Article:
By Courtney Trenwith
Today’s generation of Arab youth are just as likely to be known for their creativity and humanity as their power or wealth.
While the world’s most influential people were once (more or less) measured by the size of their wealth or the height of their professional stature, it is refreshing and indeed humbling to note that today’s era of young guns are just as known for their talents, passions and courage than any cash or title.
Few people on this year’s list of the world’s most influential young Arabs are propped up by heavy bank accounts. They are instead making a difference in the world via their creativity and genuine desire to contribute to their communities.
In tune with the revolution of youth speaking out against all manner of causes that has been evolving particularly since 2011, a significant proportion of those on our list are activists, either directly or indirectly. They are standing up to repressive governments in a way that generations before them seldom did; they are improving education faster than the state; they are creating their own futures rather than waiting to be handed a cushy-yet-unsatisfying job; they are helping others to do the same; they are fighting for the right to speak freely at the risk of imprisonment and even death. They are a generation of heroes.
Take Chaker Khazaal (number one on our list), Mohammed Assaf (37) and Awni Farhat (77). They all spent much of their childhood in a refugee camp but sheer determination and a refusal to allow their dreams to die in the surrounding debris have seen them become standout idols in their respective fields.
Indeed, there is a somewhat dark mask over this year’s selection of the most influential young Arabs: conflict and/or repression has affected the experiences of no less than one-fifth of those on the list. War or its aftermath is central to the work of many in the region today.
The Arab youth population and its proportion of the total Arab world is only growing. While we can be thankful that so many of them have shown leadership beyond their years, the pure size of this growing demographic presents serious issues around employment, in particular. We saw how unemployment sparked the Arab Spring and continues to feed violence in many locations, highlighting the consequences of not addressing the issue.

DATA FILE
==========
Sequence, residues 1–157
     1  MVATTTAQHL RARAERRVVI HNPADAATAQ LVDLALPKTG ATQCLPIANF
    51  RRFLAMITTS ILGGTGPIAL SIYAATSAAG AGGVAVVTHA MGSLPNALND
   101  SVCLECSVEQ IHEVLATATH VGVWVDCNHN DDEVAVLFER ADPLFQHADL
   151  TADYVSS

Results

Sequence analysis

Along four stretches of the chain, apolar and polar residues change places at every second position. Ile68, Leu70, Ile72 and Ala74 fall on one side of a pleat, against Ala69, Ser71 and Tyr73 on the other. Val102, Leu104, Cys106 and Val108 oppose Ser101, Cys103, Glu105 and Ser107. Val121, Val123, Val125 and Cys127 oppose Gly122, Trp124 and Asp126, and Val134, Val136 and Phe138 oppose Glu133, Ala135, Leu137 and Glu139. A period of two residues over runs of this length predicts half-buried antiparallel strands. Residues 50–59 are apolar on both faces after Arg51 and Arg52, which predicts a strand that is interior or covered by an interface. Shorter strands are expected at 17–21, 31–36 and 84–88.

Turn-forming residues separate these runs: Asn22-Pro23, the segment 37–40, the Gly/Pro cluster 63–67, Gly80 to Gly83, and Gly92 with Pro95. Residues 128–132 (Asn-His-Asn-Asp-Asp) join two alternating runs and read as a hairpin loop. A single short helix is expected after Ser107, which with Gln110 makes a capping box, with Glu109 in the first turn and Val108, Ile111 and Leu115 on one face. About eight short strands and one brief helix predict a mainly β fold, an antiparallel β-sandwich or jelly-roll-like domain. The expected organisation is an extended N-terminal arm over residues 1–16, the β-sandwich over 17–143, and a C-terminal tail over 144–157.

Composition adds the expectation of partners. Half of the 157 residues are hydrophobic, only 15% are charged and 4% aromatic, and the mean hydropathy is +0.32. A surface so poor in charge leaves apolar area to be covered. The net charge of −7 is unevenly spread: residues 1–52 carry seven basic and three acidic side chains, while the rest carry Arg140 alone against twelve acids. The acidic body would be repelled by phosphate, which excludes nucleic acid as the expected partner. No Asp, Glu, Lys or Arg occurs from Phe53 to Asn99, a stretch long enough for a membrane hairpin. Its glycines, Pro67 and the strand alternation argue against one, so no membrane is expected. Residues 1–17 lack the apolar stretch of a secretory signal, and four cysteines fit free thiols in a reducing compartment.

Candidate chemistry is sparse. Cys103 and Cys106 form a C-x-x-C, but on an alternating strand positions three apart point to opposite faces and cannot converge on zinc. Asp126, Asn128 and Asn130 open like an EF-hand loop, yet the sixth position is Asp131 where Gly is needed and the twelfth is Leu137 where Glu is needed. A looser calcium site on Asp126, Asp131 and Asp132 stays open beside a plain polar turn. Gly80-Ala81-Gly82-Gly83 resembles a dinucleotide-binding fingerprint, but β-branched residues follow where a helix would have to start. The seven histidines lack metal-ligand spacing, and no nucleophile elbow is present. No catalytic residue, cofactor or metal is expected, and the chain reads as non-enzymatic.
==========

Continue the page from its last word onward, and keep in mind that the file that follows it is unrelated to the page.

Governments, particularly since the oil price plummet, have begun more earnestly addressing the issue while at the same time working to reduce their own bloated public sectors. But the truth is, there is only so much they can do. Arab youth will mostly be left to create their own futures – and for many of them the excitement of entrepreneurship is a welcome situation to be in.
In many cases, the start-ups will double as problem solvers, amid the growing interest in social entrepreneurship. These are the young Arabs who we will continue to write about in this very magazine.
International organisations and governments also are increasingly recognising the relevance of youth by creating specific posts to address their issues and enhance their participation in decision making. In that regard, Shamma Al Mazrouei (2) became the UAE’s first Minister of State for Youth Affairs in February, while Jordan’s Ahmad Alhendawi (25) is the UN Secretary General’s first ever Envoy on Youth, making him also the youngest senior official in the history of the organisation.
I sincerely hope you are as inspired and moved by the stories of these 100 influential young Arabs as we were researching them.